UNITED STATES DISTRICT COURT DISTRICT OF NEW JERSEY
October 5, 2012
MIDOIL USA, LLC PETITIONER,
ASTRA PROJECT FINANCE PTY LTD. RESPONDENT.
The opinion of the court was delivered by: Michael A. Hammer United States Magistrate Judge
REPORT & RECOMMENDATION
Before the Court is a petition by MidOil LLC ("MidOil" or "Petitioner") to compel arbitration. Respondent Astra ("Astra" or "Respondent") cross-moves for an order to stay arbitration and compel judicial review. The Honorable Jose L. Linares, United States District Judge, referred the motion to this Court for Report and Recommendation. Pursuant to Federal Rule of Civil Procedure 78, the Undersigned did not hear oral argument. For the reasons set forth herein, the Undersigned respectfully recommends that Petitioner's motion to compel arbitration be denied, and that the case be dismissed.
On or about January 11, 2012, the parties entered into a contract. Petition To Compel Arbitration, Aug. 23, 2012, ECF No. 1-3, Exh. A (corporate finance agreement). The arbitration clause provides in pertinent part:
In the event of dispute [sic] concerning any aspect of this Agreement (including breach or alleged breach thereof) the PARTIES agree to have the dispute arbitrated and settled by binding arbitration in New York City under the most recent version of the Rules of the American Arbitration Association.
Id. at 8 (Item 23.01). The parties agree that this is the relevant clause at issue.
The plain language of the arbitration agreement makes clear that if the arbitration clause applies, the arbitration would proceed in New York, not in New Jersey. Because the parties' contract calls for arbitration to occur in New York City, it is beyond this Court's power to compel arbitration. Although the Federal Arbitration Act ("FAA") requires broad construction of arbitration clauses*fn1 , but there is a threshold question of what power the court has to compel this arbitration.
Pursuant to 9 U.S.C. § 4, a New Jersey court may not compel arbitration outside of New Jersey. 9 U.S.C. § 4 (stating that a court is authorized to compel arbitration "within the district in which the petition for an order direction such arbitration is filed"); Econo-Car International v. Antilles Car Rentals, 499 F.2d 1391, 1394 (3d Cir. 1974). Section 4 also provides that if an arbitration clause applies, then "the court shall make an order directing the parties to proceed to arbitration in accordance with terms of the agreement." 9 U.S.C. § 4 (emphasis added). The parties' choice of New York as the forum to arbitrate, coupled with MidOil's choice of New Jersey to bring its petition to compel arbitration, creates a procedural quandary that the Court can resolve only by either: (1) dismissing the matter so that MidOil may refile in the proper district, or (2) transferring this matter to the proper district. In Shaffer v. Graybill, 68 Fed. Appx. 374 (3d Cir. 2003), the Third Circuit considered an arbitration clause that provided for arbitration in the State of New York and directed the lower court to dismiss the action or transfer it to the proper district in accordance with the arbitration clause. Id. at 377 ("[A] district court may not compel arbitration outside the district in which it sits . . . ."). In Bosworth v. Ehrenreich, 823 F. Supp. 1175 (D.N.J. 1993), the Court considered whether it could compel arbitration in New Jersey when a contract required the arbitration to take place in the Southern District of New York. The Court concluded that it could not compel the arbitration. Id. at 1180 ("This Court sits in New Jersey and cannot compel arbitration in New York. . . Therefore, the Court may not compel arbitration in New York and will not, even if it could, compel arbitration in New Jersey."); see also Villano v. TD Bank, 2012 U.S. Dist. LEXIS 123013 (D.N.J. Aug. 29, 2012) (not compelling arbitration because it was outside District of New Jersey). Therefore, the Court has no power to grant the petition.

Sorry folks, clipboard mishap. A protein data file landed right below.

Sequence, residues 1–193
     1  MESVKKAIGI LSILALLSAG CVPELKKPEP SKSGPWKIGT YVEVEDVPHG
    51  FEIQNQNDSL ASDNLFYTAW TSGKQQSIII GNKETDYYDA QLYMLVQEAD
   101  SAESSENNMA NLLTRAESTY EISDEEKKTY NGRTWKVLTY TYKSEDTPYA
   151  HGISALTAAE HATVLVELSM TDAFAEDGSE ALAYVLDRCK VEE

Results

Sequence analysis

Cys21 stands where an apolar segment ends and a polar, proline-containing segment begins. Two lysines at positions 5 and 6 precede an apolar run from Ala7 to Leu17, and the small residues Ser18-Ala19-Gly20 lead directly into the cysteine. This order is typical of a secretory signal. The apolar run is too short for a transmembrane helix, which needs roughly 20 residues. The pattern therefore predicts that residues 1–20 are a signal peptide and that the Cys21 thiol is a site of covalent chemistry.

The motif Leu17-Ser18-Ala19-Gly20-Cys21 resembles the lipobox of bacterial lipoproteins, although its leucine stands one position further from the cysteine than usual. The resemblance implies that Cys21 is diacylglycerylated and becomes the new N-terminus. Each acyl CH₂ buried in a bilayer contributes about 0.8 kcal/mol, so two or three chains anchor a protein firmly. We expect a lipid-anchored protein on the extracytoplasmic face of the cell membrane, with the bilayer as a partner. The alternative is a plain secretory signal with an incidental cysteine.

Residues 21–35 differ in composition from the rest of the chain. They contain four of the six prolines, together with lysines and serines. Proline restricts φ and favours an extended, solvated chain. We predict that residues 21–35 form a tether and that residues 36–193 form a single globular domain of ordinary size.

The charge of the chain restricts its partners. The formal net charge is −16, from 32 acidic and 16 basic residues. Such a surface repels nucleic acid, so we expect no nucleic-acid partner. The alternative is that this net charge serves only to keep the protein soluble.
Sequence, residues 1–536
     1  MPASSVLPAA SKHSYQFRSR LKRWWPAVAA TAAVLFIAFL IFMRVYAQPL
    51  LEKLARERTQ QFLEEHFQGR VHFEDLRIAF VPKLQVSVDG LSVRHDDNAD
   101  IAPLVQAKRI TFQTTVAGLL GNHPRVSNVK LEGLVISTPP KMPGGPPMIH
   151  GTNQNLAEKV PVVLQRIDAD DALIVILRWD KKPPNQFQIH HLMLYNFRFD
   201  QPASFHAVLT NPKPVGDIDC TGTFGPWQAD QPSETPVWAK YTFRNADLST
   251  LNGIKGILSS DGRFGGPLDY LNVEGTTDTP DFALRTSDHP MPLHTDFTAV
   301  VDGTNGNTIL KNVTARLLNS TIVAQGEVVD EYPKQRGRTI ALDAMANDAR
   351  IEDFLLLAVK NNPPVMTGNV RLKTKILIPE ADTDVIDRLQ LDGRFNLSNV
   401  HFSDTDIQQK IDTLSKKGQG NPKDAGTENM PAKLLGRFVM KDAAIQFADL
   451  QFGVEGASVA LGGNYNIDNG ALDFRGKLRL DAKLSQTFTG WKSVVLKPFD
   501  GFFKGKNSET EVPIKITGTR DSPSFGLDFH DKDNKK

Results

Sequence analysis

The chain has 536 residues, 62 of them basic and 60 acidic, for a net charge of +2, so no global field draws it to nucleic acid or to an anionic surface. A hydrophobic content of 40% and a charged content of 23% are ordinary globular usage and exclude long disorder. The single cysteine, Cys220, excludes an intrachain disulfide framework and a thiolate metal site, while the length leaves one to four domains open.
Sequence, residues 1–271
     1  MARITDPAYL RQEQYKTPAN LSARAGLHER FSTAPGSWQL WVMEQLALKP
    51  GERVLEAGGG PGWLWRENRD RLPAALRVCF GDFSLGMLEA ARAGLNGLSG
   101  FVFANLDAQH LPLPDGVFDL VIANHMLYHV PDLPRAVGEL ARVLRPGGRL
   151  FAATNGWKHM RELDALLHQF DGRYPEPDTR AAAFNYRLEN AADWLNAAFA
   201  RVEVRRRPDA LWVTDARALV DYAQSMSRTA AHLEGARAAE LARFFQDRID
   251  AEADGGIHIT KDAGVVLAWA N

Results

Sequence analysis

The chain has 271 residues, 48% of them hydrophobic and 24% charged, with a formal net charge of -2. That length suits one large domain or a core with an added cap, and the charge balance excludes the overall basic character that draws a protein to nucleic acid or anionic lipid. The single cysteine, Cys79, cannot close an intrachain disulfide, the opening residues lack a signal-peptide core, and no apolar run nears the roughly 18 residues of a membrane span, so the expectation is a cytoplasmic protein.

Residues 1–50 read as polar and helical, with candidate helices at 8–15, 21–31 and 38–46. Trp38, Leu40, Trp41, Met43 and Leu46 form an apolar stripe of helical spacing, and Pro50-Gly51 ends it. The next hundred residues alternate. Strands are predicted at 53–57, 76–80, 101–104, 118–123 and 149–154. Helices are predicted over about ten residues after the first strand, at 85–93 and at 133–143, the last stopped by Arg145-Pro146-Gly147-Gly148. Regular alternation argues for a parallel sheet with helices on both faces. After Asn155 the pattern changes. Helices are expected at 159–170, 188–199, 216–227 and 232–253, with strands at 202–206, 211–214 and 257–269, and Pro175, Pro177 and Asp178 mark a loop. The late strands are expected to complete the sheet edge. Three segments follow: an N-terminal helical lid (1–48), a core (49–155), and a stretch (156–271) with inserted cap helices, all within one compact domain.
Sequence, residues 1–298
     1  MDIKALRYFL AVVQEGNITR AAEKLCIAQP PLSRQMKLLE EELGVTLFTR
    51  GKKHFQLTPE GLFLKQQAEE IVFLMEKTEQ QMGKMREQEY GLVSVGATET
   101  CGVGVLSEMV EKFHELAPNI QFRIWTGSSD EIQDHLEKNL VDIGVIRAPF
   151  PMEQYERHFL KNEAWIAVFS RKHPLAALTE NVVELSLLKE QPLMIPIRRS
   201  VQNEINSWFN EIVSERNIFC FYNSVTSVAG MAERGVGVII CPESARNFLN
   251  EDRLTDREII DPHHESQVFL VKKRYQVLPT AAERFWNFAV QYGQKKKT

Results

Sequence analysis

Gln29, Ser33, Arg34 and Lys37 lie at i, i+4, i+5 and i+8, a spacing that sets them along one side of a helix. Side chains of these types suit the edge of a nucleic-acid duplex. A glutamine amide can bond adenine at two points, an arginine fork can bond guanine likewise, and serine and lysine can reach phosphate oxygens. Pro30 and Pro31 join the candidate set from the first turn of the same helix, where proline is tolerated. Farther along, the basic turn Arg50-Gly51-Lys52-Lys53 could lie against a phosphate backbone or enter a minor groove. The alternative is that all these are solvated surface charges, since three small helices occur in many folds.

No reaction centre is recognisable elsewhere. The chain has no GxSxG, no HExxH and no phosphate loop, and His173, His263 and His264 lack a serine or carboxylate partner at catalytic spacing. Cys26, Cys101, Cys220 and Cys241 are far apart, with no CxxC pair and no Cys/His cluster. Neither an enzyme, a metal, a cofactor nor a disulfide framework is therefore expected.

The next question is whether the Court should dismiss or transfer the petition.*fn2 The former option appears to be the better choice. Astra has brought an action in New Jersey Superior Court, and therefore there is an available venue for MidOil to raise its arbitration arguments. State courts have concurrent jurisdiction over the Federal Arbitration Act with federal courts. Nationwide Mut. Fire Ins. Co. v. George V. Hamilton, Inc., 571 F.3d 299, 308 (3d Cir. 2009) ("[T]he FAA grants concurrent jurisdiction to federal and state courts and thus expressly contemplates the state court as an adequate forum for adjudication."); see also Vaden v. Discover Bank, 556 U.S. 49, 71 (2009) ("State courts have concurrent jurisdiction under the FAA, state courts as well as federal courts are obliged to honor and enforce agreements to arbitrate."). Presumably if the superior court finds the matter is subject to the parties' arbitration clause, then it would stay the action until the parties arbitrate their disputes. Alternatively,
MidOil has the option of refiling its petition to compel arbitration in the appropriate district in New York.*fn3 Each of those potential avenues counsels in favor of dismissing this case rather than transferring it.
Because the Court has no authority to grant MidOil's petition to compel arbitration, it is respectively recommended that Petitioner's motion to compel arbitration be denied and this case be dismissed.
The parties have fourteen days to file and serve objections to this Report and Recommendation pursuant to 28 U.S.C. § 636 and Local Rule 7.1(c)(2).